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Thomas L. Baker, Paul Fombelle, Clay Voorhees, Kristina K. Lindsey Hall and Blake Runnalls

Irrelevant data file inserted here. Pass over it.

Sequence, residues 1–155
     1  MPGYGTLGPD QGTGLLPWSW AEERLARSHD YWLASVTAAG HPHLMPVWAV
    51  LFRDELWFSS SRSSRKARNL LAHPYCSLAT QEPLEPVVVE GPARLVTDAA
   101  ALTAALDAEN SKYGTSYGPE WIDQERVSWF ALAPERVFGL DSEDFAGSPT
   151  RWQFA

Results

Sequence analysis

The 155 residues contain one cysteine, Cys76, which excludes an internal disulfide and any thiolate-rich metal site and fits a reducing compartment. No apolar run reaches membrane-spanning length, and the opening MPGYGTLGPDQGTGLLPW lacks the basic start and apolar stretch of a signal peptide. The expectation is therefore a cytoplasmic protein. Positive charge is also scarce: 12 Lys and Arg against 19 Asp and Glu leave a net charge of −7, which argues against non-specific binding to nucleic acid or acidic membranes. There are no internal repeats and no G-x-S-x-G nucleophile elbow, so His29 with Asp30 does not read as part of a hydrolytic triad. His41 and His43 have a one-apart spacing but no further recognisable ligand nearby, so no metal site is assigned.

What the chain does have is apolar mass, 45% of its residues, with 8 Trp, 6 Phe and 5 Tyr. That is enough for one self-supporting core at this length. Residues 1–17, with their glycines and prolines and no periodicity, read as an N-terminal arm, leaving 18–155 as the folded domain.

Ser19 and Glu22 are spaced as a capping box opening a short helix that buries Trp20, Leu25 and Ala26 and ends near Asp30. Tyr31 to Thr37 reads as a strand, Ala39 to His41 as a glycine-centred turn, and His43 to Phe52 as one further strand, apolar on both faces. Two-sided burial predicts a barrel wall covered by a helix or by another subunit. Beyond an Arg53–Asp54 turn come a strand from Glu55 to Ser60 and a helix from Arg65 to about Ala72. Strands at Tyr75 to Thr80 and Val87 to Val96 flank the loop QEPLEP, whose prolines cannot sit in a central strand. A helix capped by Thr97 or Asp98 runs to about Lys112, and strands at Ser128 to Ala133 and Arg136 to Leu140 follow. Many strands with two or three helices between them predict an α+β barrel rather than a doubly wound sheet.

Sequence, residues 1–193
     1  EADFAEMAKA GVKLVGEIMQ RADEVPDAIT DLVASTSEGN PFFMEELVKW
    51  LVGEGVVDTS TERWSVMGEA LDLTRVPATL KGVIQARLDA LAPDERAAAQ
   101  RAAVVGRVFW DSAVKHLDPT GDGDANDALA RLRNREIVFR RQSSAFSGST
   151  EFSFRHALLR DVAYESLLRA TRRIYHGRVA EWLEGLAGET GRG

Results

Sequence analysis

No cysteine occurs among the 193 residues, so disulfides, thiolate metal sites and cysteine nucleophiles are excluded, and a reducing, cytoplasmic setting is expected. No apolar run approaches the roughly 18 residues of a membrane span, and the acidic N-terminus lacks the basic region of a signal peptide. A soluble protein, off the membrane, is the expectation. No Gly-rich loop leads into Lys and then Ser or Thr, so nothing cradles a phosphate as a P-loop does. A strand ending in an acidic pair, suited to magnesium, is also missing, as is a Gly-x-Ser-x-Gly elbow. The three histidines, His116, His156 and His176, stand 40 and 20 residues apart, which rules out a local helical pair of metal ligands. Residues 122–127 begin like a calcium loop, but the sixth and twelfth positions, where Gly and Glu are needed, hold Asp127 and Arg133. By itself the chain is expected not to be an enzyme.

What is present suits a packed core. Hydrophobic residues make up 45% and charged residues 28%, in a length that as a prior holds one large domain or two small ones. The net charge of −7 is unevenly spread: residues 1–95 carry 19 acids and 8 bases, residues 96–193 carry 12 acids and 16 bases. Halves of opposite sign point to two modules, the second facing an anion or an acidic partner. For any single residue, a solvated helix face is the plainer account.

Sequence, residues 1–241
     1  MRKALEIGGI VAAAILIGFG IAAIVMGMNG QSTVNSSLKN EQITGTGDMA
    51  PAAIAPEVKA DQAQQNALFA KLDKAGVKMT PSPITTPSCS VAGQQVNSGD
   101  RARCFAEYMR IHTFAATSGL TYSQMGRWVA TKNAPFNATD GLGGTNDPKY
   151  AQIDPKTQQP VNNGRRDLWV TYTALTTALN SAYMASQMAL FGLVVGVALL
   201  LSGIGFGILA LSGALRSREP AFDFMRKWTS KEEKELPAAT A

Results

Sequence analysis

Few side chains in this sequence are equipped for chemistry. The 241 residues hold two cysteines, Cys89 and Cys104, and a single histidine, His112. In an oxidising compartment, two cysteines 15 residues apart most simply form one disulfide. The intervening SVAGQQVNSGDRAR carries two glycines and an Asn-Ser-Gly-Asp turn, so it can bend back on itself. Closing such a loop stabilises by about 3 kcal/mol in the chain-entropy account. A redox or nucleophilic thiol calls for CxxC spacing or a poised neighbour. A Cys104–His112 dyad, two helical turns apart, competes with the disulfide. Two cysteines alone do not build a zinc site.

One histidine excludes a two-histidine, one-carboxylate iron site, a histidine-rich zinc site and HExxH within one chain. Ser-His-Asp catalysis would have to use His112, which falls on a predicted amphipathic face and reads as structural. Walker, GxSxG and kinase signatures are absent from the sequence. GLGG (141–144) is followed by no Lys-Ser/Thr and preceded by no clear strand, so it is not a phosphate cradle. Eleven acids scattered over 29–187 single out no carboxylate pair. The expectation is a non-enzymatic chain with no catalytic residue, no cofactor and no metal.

While the use of consumer-to-consumer (c2c) online review information by consumers has been well-established, little research has investigated how online reviews impact consumers’ decision-making. Combining a customer engagement perspective (defined as time-on-task via eye-tracking) with the source-context-elaboration model, we propose that customer engagement behaviors along with majority and minority information differentially impact decision-making. Utilizing a mixed-methods approach (eye-tracking and experimental design), we test the extent to which majority (overall summary ratings) and minority (qualitative comments contrary to the overall ratings) information impact satisfaction with a decision and when minority information begins to become predominant. As expected, our results show that majority influence plays an important role; however, under increasing customer engagement with the minority feedback, the impact of the majority information drops precipitously.